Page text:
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The multi-touch computer is HP's first foray into multi-touch notebooks

Hewlett-Packard has introduced a new laptop computer with multi-touch technology, a first time attempt at a multi-touch system for the computer giant.

The TouchSmart tx2 laptop lets owners use hand motions instead of using a keyboard or mouse while manipulating photos, images, music and other applications.  

HP's tx2 weighs 5 lbs. and ships with Microsoft Windows Vista, 12.1-in. LED screen, rechargeable digital ink pen, and is powered using the AMD Turion X2 Ultra dual-core processor.

Multi-touch technology has been made popular by the Apple iPhone and other similar handhelds.  In fact, some analysts and Apple backers expected Steve Jobs and Apple to be the first company to release a Mac laptop with multi-touch features.

Asus initially beat HP to the punch with a multi-touch notebook PC, but the tx2's screen is able to pivot, while the Asus offering cannot.

"Breezing through web sites and enjoying photos or video at the tap, whisk or flick of a finger is an entirely new way to enjoy digital content on a notebook PC," said Ted Clark, HP's Notebook Global Business Unit VP and general manager.  "With the introduction of the TouchSmart tx2, HP is providing users an easier, more natural way to interact with their PCs, and furthering touch innovation."

The tx2 supports the following different modes:  PC, display and tablet, and users can use a stylus to write on to the screen in tablet mode.  The screen can pivot 180 degrees so someone sitting across the table can easily look at the screen.

Microsoft doesn't plan on including touch technology into Windows until Window 7, which is tentatively scheduled to be released in 2010.

The HP TouchSmart tx2 is available immediately with a starting price of $1,149.

HP's latest laptop release comes shortly after the company announced it saw a large rise in profits over the same period last year.  Despite falling to No. 2 in the U.S. computer market to Dell, its fourth-quarter revenue increased 19 percent up to $33.6B at a time when other companies are struggling.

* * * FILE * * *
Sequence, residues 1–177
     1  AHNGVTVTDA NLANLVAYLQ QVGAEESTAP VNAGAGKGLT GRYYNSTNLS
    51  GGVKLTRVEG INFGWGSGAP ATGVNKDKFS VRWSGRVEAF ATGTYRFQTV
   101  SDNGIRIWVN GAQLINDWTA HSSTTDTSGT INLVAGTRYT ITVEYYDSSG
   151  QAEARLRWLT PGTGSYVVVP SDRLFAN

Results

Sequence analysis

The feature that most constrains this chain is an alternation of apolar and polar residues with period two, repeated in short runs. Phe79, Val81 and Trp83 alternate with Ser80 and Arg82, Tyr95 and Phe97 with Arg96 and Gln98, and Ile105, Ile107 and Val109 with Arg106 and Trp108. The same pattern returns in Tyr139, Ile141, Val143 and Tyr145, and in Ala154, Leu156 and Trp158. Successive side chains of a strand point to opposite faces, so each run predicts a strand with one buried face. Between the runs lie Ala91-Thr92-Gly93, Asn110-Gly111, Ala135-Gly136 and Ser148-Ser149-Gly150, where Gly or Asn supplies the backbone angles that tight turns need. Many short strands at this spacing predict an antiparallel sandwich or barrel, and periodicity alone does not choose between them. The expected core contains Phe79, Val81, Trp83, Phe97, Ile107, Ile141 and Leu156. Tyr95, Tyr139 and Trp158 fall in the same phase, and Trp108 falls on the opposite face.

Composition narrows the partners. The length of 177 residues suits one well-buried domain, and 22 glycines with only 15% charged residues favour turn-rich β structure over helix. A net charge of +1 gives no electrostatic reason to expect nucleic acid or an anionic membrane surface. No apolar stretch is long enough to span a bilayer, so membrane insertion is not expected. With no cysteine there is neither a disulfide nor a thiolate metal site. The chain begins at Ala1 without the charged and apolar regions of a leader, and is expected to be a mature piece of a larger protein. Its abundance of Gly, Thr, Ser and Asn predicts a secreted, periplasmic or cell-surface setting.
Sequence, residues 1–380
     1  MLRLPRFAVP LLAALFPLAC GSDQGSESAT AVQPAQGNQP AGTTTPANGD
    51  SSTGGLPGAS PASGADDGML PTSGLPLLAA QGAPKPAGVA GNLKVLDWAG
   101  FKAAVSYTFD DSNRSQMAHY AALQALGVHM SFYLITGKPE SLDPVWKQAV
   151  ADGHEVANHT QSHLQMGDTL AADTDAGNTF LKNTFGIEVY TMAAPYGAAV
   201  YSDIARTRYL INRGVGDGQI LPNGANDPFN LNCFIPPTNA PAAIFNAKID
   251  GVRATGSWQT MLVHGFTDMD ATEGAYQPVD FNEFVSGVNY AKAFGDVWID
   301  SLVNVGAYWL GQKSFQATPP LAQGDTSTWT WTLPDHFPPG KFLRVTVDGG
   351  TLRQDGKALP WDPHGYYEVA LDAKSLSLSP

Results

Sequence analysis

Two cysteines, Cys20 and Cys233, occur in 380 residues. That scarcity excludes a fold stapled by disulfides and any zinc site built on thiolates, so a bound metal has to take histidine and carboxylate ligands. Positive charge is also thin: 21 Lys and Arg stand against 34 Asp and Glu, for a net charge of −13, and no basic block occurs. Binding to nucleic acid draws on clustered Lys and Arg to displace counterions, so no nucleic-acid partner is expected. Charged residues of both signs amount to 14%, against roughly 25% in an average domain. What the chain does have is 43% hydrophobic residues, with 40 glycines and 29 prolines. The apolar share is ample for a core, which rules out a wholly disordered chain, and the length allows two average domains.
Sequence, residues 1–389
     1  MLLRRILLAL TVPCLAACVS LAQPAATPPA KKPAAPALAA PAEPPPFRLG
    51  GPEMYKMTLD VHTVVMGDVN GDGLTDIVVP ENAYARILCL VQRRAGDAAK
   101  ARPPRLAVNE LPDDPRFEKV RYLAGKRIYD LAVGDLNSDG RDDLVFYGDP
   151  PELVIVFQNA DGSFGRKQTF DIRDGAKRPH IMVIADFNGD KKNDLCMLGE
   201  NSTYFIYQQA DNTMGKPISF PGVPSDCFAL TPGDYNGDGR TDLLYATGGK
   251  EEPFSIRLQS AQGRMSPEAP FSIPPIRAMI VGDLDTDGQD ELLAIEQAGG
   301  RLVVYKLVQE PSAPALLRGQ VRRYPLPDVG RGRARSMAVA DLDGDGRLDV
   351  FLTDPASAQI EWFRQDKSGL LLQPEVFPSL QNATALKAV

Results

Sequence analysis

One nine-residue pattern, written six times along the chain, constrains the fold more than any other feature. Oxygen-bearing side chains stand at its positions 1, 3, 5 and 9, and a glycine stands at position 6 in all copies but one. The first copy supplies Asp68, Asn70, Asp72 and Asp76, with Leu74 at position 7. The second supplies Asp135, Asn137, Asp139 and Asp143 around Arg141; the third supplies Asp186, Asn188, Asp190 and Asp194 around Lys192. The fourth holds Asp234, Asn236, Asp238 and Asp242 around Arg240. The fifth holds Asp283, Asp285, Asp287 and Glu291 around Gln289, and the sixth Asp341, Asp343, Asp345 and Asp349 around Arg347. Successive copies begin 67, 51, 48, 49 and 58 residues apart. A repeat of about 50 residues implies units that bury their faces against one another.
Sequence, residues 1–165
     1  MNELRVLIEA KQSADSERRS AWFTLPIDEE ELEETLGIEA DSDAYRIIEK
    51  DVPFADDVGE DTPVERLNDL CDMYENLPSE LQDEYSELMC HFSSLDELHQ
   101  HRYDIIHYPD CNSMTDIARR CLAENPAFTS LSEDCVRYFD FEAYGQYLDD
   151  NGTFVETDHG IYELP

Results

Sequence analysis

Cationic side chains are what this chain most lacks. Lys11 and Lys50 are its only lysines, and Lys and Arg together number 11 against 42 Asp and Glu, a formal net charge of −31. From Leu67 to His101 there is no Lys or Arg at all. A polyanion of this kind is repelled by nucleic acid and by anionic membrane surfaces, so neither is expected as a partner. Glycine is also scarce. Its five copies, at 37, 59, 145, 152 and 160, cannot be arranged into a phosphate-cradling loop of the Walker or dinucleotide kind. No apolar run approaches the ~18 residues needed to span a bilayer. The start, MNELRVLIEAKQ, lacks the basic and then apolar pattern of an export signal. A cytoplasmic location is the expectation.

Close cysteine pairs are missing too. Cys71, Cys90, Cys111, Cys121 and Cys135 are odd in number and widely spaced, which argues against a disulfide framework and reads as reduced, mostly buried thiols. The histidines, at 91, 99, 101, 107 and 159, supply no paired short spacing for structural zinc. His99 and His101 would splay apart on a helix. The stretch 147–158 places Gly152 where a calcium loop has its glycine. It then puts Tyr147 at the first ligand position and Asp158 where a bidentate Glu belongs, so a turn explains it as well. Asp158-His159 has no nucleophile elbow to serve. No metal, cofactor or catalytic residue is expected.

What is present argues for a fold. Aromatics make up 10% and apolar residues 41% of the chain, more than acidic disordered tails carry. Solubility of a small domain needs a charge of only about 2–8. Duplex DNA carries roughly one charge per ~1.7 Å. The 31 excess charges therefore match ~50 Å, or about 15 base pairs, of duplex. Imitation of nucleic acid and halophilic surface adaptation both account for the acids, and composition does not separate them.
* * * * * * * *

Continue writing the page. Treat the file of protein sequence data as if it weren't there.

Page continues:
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Flat screens flat world
By bugnguts on 11/20/2008 1:29:52 PM , Rating: 2
I think for touch and gesture interfaces to take hold we need to change the aging flat monitor. I would love to have a kind of bowl like monitor, flat where my hands are normally placed but rounding up a little and around ether side. The curvature would be such that the screen is maintains a 75-90 degree angle or so with your line of site. The problem right now with a tablet or desktop PC's is the keyboard and the screen are typically at near right angles, making transition form type to touch cumbersome. If you tilt your tablet/laptop screen back too much to ease the transition then you deal with problems associated with abnormal viewing angles.
I guess the laptop screens require great flexibility, but for a desktop type station it would be like having an unbroken three monitor setup. I could have WOW up on the center and be checking quest coordinates on wowhead on the left. and have vent and etc on the right... I mean be able to work on my Chem. Engr. assignments with more efficiency.




"What would I do? I'd shut it down and give the money back to the shareholders." -- Michael Dell, after being asked what to do with Apple Computer in 1997

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